by Fox Doucette
Colombian lightweight prospect Darley Perez (25-0, 19 KOs) looks to make his case for inclusion in the 135-pound contender discussion as he takes on Uzbekistan’s Bahodir Mamadjonov (11-0, 7 KOs) in the main event of ESPN2 Friday Night Fights from Cabazon, California. In the co-feature, hard-hitting junior featherweight Yenifel Vicente (23-0-2, 15 KOs) steps out of the tomato can aisle to take on Chris Avalos (19-2, 15 KOs). The night has something of a United Nations feel, as fans get to see a Colombian, an Uzbek, a fighter from the Dominican Republic, and an American, creating a professional international flavor to rival the amateur melting pot currently underway in London.
Darley Perez is still at a point in his career where the jury is out on just what he brings to the table. Considering the quality of his opponents thus far, he could be a Hank Lundy/John Molina/Ray Beltran-caliber fighter. He could also be more like a Breidis Prescott, his countryman, who built a record in his homeland, shocked the world against Amir Khan, then has completely failed to capitalize on that win, looking ordinary in his fights since. The combined record of Perez’s last five opponents is 117-63-15 (counting records at the time of the fight), with the bulk of those losses coming by knockout. Whatever the skill level of Perez’s opponent Friday night, it is likely to be a quantum leap in quality compared to what he is used to.
Mamadjonov, for his part, hasn’t exactly been in against Brandon Rios and Juan Manuel Marquez. He is coming off a win over a guy (Terrance Roy) who took a 9-35 record into the fight and suffered his twenty-sixth (!) knockout loss against the Uzbek. For Mamadjonov, every question raised about Perez in the previous paragraph applies doubly to him. This is a very intriguing matchup precisely because there is very little in the prior opponents to provide value to someone trying to tip the fights. This will be two undefeated fighters with everything to prove as each man takes on a guy who is in the same position career-wise as he is.
Meanwhile, Yenifel Vicente joins the parade of guys stepping up; with the exception of his last fight, which was in Nicaragua, all of his fights so far have been in the Dominican Republic. It is possible to find quality competition in the eastern portion of Hispaniola if one is a shortstop; as a boxer the level of opposition leaves something to be desired. Making his US debut, Vicente will have to show whether those fifteen knockout victories in twenty-five fights were a result of him being as hard-hitting as he is billed or whether the opponents had more to do with his record. Moreover, Vicente had two draws in his days on the hobo circuit, one in a four-rounder, the other in a six, in his second and third fights as a pro. Bernard Hopkins famously lost his pro debut, so those draws may not mean much, but Vicente has a looming question mark.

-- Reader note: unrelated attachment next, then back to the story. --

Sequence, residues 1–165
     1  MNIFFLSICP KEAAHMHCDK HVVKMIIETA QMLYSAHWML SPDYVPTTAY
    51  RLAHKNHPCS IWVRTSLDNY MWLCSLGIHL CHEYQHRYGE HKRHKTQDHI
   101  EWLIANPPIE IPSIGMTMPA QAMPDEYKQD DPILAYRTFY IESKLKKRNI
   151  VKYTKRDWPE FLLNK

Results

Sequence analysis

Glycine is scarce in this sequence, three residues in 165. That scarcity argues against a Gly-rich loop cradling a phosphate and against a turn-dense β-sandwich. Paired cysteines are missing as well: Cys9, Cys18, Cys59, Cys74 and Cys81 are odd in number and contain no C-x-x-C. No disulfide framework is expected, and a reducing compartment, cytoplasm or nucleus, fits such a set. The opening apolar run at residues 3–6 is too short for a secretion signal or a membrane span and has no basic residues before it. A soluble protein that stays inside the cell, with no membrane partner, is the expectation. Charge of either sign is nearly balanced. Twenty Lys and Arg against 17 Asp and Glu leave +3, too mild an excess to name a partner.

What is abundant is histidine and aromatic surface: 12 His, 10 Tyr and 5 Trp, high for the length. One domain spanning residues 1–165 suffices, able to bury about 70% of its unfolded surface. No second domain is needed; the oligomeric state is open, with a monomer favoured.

Chris Avalos, for his part, has fought quality competition and generally made a good but not great account of himself. Against undefeated fighters with at least ten pro fights, Avalos lost to 19-0 Jhonatan Romero and 18-0-2 Chris Martin (the same Chris Martin who has been on FNF twice this year), and he owns a win against 11-0 Khabir Suleymanov. Both of his pro losses were by split decision, although the scores in the Martin fight (98-94, 92-98, 93-97) and the fact that fight was in Minnesota suggest that Martin beat Avalos cleanly and the fight looked closer than it was thanks to Minnesota’s legendary judging incompetence (that state having sent Teddy Atlas apoplectic on more than one occasion in the past.)
Even though Yenifel Vicente is the undefeated fighter, he may not pose as much of a threat to Chris Avalos as the Californian’s previous undefeated opponents; this fight has “upset” written all over it. Look for Vicente to struggle as he adjusts to American soil with a quality opponent for the first time in his career. The eight-round co-feature may very well steal the show Friday night.
Friday Night Fights airs on ESPN2 and ESPN3.com on August 10th at 10 PM Eastern/7 PM Pacific. The Boxing Tribune will have a full recap of the night’s action, including any swing fights that make air, following the conclusion of the broadcast. Stay tuned—we’re the worldwide leader in covering the Worldwide Leader.
Fox Doucette covers Friday Night Fights for The Boxing Tribune. His weekly column, The Southpaw, appears on Thursdays. Fan mail, hate mail, and appeals to overturn his scorecards from past FNF nights Olympic-style can be sent to firstname.lastname@example.org. All email submissions become the property of the Boxing Tribune and we retain the right to publish correspondence received.